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Online German vocabulary sources, glossaries & terminology lists
Specialist German vocabulary and terminology, & bilingual German English glossaries are another part of the German translation tool kit.
A glossary is an agreed list of translations for a set language pair (e.g. German–English, English-German) within a set subject area, e.g German medical terms.
These are either word-for-word translations or
glossed translations, using synonyms.
The terms are, almost by definition, not ones you’d find in your standard German dictionary – either because:
As soon as you start translating anything but the most general
of texts, you’ll need to research terms.
German vocabulary lists and glossaries are published all over the web. Some better than others, and many published as a marketing lead-in/company promotion.
Below you'll find a series of the most useful German-English terminology lists and lexical resources I've found to date - just follow the links below. I've organized them by subject area to give you an easy overview.
This is a work in progress, so come back regularly for updated lists, and don't forget to bookmark this page!
Know of a good glossary not listed here? Please let me know!
Glossaries and terminology lists are agreed by a
translator and their client, by a corporation and their translation
department, or are compiled, discussed and agreed upon by several
contributors, often by online communities of translators.
As most scientific literature is published in English, many German universities are also increasingly publishing glossaries on their department websites.
Larger German-speaking companies often have their own internal glossaries and specialised vocabulary databases which they issue to translation agencies/external translators.
However, these are usually open to interpretation, reflect a company’s
particular interests, and are not always universally valid terms outside that organisation – the precise
accounting terminology used by one financial company will not
necessarily be the same as that used by another company working in the financial world.
....is your own.
Compile your own client glossary. You'll impress with your professionalism & of course it makes future translations quicker. Plus (this happens more often than you’d think!) when someone criticises your choice of term, you have the pre-agreed terminology in your favor.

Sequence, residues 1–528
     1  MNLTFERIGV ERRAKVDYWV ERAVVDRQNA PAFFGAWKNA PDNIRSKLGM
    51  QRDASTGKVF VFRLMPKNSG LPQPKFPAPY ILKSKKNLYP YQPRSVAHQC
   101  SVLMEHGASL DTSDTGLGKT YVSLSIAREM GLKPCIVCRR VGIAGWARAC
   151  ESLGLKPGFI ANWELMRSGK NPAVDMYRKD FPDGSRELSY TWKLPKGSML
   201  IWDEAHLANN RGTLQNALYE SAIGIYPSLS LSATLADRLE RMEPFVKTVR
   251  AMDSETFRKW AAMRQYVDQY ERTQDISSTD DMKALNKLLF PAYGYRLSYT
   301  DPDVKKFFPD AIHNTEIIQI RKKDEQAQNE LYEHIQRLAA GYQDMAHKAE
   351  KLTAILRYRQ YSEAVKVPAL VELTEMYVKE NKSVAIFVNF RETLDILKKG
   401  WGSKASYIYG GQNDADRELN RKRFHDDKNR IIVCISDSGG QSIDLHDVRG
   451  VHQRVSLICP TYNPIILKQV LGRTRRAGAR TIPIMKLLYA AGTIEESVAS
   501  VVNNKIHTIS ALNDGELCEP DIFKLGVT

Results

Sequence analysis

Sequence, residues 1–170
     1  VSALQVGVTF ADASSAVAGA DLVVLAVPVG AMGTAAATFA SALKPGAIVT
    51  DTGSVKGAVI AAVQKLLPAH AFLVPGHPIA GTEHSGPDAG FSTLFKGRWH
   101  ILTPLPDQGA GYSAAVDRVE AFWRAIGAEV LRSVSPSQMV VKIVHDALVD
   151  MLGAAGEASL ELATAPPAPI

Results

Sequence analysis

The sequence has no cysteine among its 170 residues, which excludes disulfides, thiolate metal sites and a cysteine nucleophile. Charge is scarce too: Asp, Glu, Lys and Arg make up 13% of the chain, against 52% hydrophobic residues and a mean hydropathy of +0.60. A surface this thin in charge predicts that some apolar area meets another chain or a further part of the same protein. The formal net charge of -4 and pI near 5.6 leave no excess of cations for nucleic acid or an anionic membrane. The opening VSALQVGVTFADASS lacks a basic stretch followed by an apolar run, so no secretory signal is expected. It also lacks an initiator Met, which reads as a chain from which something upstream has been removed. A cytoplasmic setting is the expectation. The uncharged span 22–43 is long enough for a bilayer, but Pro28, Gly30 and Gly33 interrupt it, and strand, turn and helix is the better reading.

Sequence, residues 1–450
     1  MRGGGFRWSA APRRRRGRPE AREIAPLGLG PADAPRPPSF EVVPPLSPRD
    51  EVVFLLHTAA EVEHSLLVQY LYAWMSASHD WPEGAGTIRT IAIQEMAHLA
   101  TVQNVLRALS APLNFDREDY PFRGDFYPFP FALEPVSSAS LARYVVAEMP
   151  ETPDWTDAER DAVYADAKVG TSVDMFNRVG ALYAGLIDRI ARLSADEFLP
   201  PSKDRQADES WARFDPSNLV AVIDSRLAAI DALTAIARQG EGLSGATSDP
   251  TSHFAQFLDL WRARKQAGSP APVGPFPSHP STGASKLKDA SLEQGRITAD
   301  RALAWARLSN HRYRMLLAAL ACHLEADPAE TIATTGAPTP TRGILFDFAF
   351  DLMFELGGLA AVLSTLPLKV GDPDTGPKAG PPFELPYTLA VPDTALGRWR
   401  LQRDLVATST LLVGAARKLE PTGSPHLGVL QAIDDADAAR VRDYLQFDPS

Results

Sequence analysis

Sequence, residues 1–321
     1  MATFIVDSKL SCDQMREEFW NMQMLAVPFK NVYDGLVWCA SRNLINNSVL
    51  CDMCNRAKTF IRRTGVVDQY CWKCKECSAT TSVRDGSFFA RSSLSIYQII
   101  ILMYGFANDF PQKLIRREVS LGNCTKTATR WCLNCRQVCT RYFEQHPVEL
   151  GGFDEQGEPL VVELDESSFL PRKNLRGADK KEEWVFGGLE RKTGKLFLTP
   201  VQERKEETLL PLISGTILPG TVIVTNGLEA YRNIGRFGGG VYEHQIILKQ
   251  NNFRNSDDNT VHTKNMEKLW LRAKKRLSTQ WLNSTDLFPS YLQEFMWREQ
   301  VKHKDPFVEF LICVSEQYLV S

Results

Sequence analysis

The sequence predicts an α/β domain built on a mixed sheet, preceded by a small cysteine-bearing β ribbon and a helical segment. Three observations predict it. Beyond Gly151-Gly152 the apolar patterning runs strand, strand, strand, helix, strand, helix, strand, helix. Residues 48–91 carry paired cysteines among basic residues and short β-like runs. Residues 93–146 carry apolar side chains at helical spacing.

Today any serious translator will create their own specialist German vocabulary resources by using professional translation software (CAT tools).
They allow you to create client-specific glossaries and translation memories (TM) - effectively "super" glossaries, composed not only of individual words and word combinations, but also entire sentences.
Some are fairly expensive, but can be written off as a business expense, and there are also free cloud-based versions available. See here for more details.
If you translate regularly you need at least one respected specialist dictionary in your chosen subject area.
See this as a safety precaution – the freelance translator
is at the bottom of the translation feed chain, and the first to be
blamed for any "error" in a translation.
So it's extremely helpful to be able to back-up your choice of term by referencing the most respected dictionary in the field. Where available glossaries are unclear or contradictory, you need a final arbiter!
For example, if it's German technical term – go straight to Ernst!
Help and be helped. If you're a freelance German to English translator, you’ll certainly want to look into joining one of the many online communities of freelance translators.
These are another good source of specialist German vocabulary and terminology – glossaries submitted by members, and forums for seeking help in real time and discussing the translation of specific terms with your colleagues.
Now well established, these platforms have become important translation resources. So get involved!
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Home > Glossaries